Two trichina outbreaks in Alaska; it was the walrus

There’s not a lot of trichina in the U.S. food supply anymore. It used to be a much more important pathogen. In the 1940s, when the US Public Health Service started tracking the illness, there was around 400 cases a year. Now there’s about 20.

A couple of the more notable incidents were reported in MMWR last week – two outbreaks in Alaska linked to raw walrus.

During July 2016–May 2017, the Alaska Division of Public Health (ADPH) investigated two outbreaks of trichinellosis in the Norton Sound region associated with consumption of raw or undercooked walrus (Odobenus rosmarus) meat; five cases were identified in each of the two outbreaks. These were the first multiple-case outbreaks of walrus-associated trichinellosis in Alaska since 1992.

The walrus consumed during the implicated meal in the second outbreak had been harvested and butchered by patients F and I during the previous 1–3 months, and the meat had been stored frozen in unlabeled bags in their respective household chest freezers. The meat was prepared by patient H, who reported that she boiled it for approximately 1 hour, after which the exterior was fully cooked, but the interior remained undercooked or raw, which was the desired result; interviewed persons reported that many community members prefer the taste and texture of undercooked or raw walrus meat to that of fully cooked meat.

These outbreaks also highlight the importance of culturally sensitive public health messaging. In areas where wild game species are harvested for subsistence, traditional methods of collecting, handling, preparing, storing, and consuming meat often have great cultural significance; however, some of these methods can be inconsistent with public health best practices. Rather than promoting or proscribing specific methods, public health messages that focus on communicating risks and explaining the manner and magnitude of risk reduction that can be achieved using different approaches (e.g., alternative methods of preparing meat for consumption) enable members of the target population to make informed decisions that integrate their traditional practices with their awareness and tolerance of risks.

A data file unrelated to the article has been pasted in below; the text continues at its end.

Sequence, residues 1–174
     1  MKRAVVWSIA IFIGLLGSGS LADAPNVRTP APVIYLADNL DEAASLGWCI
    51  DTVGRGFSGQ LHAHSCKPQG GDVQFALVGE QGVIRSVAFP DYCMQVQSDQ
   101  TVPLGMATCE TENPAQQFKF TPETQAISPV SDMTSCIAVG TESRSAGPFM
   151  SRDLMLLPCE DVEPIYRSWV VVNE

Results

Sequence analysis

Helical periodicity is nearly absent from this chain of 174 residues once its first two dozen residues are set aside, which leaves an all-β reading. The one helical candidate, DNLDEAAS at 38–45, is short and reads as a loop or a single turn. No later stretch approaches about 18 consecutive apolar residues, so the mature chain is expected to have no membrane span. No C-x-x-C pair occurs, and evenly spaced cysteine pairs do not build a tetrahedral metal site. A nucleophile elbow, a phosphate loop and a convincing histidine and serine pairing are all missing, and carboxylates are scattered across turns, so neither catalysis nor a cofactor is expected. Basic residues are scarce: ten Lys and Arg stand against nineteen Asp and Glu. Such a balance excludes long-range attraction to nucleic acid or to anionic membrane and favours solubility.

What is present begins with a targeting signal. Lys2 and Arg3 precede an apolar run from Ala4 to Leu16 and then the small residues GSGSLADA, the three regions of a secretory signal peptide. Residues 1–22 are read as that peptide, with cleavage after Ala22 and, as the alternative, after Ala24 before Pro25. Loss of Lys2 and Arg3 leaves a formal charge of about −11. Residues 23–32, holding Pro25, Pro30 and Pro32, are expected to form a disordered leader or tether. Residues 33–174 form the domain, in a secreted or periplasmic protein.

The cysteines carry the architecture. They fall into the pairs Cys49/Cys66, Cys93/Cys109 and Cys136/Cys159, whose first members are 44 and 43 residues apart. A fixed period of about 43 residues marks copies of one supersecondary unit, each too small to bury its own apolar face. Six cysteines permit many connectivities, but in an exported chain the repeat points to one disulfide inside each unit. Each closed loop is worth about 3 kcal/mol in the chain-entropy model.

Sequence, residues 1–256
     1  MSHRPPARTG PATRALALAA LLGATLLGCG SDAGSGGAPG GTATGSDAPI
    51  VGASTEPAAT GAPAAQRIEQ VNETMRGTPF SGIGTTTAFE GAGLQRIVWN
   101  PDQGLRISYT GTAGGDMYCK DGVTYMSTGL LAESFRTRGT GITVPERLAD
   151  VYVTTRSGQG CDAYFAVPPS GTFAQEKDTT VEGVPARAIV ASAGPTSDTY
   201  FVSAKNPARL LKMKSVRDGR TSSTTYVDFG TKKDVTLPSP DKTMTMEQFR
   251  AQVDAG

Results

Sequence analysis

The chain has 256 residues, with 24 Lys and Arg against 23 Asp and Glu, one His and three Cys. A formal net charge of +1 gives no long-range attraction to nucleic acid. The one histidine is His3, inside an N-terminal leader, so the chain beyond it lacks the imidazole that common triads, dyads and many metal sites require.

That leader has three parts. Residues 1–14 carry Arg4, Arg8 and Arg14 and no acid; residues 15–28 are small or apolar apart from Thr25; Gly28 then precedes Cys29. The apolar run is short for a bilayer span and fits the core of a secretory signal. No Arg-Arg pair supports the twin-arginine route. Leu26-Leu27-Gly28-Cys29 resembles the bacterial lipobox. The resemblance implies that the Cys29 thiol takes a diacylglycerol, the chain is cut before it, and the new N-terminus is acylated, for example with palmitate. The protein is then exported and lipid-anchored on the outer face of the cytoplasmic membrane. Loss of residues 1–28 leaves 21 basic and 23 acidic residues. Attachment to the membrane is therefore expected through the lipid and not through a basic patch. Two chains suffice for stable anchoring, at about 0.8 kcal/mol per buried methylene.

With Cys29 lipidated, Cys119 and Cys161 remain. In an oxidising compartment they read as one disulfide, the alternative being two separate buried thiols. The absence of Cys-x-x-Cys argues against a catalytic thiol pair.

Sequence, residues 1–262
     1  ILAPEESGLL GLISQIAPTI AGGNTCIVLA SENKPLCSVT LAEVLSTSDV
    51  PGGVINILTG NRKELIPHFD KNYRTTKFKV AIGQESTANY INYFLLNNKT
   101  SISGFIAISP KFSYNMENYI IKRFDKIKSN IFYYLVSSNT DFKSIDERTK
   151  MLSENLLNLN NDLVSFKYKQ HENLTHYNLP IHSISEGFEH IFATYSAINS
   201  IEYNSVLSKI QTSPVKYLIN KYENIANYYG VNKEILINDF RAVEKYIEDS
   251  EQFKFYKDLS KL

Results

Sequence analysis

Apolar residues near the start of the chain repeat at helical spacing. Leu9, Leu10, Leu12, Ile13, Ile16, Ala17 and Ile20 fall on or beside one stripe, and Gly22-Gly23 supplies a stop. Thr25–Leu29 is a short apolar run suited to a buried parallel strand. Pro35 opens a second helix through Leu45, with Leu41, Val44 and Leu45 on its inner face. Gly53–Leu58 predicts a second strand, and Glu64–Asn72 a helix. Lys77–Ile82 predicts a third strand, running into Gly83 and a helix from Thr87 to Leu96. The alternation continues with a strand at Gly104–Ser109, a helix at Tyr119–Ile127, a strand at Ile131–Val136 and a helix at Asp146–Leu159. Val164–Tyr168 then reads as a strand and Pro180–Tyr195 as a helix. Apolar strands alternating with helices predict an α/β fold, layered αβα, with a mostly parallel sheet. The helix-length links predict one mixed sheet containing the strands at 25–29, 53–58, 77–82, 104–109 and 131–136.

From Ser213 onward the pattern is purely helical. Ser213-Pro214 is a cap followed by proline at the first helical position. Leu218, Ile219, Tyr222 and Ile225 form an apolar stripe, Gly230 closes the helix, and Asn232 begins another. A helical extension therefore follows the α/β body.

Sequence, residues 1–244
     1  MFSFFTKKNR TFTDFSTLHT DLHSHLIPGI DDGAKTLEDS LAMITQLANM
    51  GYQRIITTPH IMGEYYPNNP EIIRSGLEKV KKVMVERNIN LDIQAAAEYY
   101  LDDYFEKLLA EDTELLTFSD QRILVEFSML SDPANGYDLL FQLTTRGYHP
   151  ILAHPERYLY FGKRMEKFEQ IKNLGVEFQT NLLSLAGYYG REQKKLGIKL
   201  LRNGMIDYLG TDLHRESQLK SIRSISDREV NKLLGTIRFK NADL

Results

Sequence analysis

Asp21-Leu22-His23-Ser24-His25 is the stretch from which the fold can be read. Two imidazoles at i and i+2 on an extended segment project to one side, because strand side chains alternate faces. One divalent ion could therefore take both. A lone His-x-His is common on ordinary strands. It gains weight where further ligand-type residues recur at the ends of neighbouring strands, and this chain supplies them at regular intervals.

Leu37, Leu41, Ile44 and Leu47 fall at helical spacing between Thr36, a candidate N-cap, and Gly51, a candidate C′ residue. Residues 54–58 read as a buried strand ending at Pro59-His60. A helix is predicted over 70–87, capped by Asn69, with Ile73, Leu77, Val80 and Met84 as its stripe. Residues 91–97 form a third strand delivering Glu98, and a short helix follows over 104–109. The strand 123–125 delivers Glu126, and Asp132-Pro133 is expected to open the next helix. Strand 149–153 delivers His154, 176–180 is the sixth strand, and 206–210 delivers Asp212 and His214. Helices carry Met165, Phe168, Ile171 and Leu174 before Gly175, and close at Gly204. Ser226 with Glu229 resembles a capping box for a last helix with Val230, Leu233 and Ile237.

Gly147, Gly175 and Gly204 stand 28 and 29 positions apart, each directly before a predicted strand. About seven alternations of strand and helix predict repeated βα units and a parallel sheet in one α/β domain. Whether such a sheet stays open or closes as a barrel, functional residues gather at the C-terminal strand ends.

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About Ben Chapman

Dr. Ben Chapman is an associate professor and food safety extension specialist at North Carolina State University. As a teenager, a Saturday afternoon viewing of the classic cable movie, Outbreak, sparked his interest in pathogens and public health. With the goal of less foodborne illness, his group designs, implements, and evaluates food safety strategies, messages, and media from farm-to-fork. Through reality-based research, Chapman investigates behaviors and creates interventions aimed at amateur and professional food handlers, managers, and organizational decision-makers; the gate keepers of safe food. Ben co-hosts a biweekly podcast called Food Safety Talk and tries to further engage folks online through Instagram, Twitter, Facebook, YouTube and, maybe not surprisingly, Pinterest. Follow on Twitter @benjaminchapman.